Saturday, July 7, 2018

Epilogue - Across America on a Motor Bicycle


New York Motor Cycle Club
"While I slept at the Herald Square Hotel, my ride really ended at the New York Motor Cycle Club's rooms, No. 1904 Broadway. It was there I left the faithful little machine that had carried me some 3,800 miles. What was the exact distance  I never will be able to tell, because, as previously related, after breaking four cyclometers, I ceased to bother with the mileage.

Compared with the first cycling journey across the continent, that of Thomas Stevens in 1882, the first effort of the motor bicycle does not suffer. Mr. Stevens required 103 1/2 days to ride from San Francisco to Boston; my journey was completed in 50 days. While the idea of establishing a record was no part of my purpose, it is worthy of remark that none of the three powerful automobiles that have since crossed the continent have come near to equaling my time. With the experience gained and with a more powerful machine - the one I used was of but 1¼ horsepower - I feel confident that the journey from ocean to ocean can be made in 30 days without particularly strenuous effort. With a railway attachment, such as is in common use by bicyclists in the West, and which would permit the use of rails across the deserts of Nevada, it will be possible to more than realize the 30 days' estimate.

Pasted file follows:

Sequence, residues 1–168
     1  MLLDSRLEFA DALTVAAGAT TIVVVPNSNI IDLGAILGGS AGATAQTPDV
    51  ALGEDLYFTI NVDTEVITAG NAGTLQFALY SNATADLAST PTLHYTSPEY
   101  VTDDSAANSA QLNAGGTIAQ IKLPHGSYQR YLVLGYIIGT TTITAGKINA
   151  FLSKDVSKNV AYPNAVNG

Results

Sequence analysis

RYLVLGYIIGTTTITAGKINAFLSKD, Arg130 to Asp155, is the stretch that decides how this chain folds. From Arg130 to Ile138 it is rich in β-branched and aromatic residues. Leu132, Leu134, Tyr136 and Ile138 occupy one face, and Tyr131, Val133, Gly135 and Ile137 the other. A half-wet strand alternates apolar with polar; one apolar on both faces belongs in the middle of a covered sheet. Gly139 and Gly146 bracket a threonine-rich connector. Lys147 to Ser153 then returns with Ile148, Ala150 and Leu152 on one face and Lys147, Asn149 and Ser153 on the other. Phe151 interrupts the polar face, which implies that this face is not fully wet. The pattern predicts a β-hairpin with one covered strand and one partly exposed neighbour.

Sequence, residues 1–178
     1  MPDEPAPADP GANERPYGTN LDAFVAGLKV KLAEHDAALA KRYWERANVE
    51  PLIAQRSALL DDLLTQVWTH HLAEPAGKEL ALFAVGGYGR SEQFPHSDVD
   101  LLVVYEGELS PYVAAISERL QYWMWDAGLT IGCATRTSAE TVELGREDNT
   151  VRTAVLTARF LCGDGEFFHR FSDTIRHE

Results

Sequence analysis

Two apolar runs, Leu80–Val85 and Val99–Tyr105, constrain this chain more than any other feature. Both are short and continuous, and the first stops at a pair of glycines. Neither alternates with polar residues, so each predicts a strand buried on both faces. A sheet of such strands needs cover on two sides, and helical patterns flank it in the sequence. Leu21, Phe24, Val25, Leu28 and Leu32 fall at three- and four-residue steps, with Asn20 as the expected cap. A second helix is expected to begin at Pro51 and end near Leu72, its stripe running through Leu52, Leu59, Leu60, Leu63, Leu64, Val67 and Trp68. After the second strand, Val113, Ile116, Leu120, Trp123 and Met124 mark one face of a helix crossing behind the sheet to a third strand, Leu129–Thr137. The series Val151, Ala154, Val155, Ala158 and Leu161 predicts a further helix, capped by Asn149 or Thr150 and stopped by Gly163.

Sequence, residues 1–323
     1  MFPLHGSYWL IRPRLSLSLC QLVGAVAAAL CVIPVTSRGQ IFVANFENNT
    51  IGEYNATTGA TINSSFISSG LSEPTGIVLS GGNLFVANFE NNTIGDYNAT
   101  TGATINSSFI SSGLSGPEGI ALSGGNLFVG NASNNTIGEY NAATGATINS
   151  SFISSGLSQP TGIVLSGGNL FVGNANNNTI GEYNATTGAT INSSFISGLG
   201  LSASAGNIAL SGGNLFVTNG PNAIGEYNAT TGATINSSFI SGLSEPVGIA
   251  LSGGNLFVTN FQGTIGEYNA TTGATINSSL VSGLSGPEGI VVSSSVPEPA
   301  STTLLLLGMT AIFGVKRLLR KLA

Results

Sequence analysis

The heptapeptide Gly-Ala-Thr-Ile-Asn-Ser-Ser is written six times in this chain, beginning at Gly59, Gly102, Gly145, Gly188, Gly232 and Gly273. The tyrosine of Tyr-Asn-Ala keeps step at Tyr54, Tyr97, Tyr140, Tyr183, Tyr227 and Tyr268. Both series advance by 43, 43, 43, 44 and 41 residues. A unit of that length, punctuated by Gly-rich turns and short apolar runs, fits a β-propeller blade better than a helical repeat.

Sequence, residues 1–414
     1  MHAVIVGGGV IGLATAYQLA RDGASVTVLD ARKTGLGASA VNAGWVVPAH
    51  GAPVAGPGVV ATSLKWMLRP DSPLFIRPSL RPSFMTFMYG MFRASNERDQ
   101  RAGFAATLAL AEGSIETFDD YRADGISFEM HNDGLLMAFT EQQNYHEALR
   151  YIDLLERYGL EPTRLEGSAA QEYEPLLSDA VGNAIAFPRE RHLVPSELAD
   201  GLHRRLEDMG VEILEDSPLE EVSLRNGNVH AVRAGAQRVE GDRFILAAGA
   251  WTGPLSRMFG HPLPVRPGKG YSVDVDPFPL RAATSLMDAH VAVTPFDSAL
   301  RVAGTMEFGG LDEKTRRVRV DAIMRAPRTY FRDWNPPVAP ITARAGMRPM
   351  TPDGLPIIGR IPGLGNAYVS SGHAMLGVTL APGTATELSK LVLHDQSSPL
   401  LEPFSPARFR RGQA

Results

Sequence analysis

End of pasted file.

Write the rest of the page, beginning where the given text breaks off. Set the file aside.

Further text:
Wyman "Pose"
While it is true that my forks broke and the motor crank axle also gave way, these are unusual accidents; nearly all of my other troubles were minor ones, the belt being a most prolific source. But, as a whole, the motor behaved splendidly and performed its work well under many trying conditions. Its failure at Albany was really the only occasion when it gave me serious concern. Subsequent examination proved that the inlet valve had in some way become jammed so as to be immovable, at least with the means at my command. Between fear of breaking something and anxiety to reach New York, I possibly did not take the chances at making a strenuous repair that under other circumstances I would have taken. Save the forks, the bicycle also stood up well. The wonder is that it stood up at all, so terrific and so frequent was the pounding it received in the many miles of cross-tie travel. The saddle, too, deserves praise. Despite its many drenchings and mud and the heat of the desert and the banging of the railroad ties, it did not stretch or sag the fractional part of an inch, and reached New York in as good condition as when it left San Francisco."


Across America on a Motor Bicycle - "Along The Shores Of The Great Lakes And Down The Hudson To New York" by George A. Wyman, The Motorcycle Magazine, October 1903, Vol 1 No 5
Chicago, IL to New York City
June 20 to July 6, 1903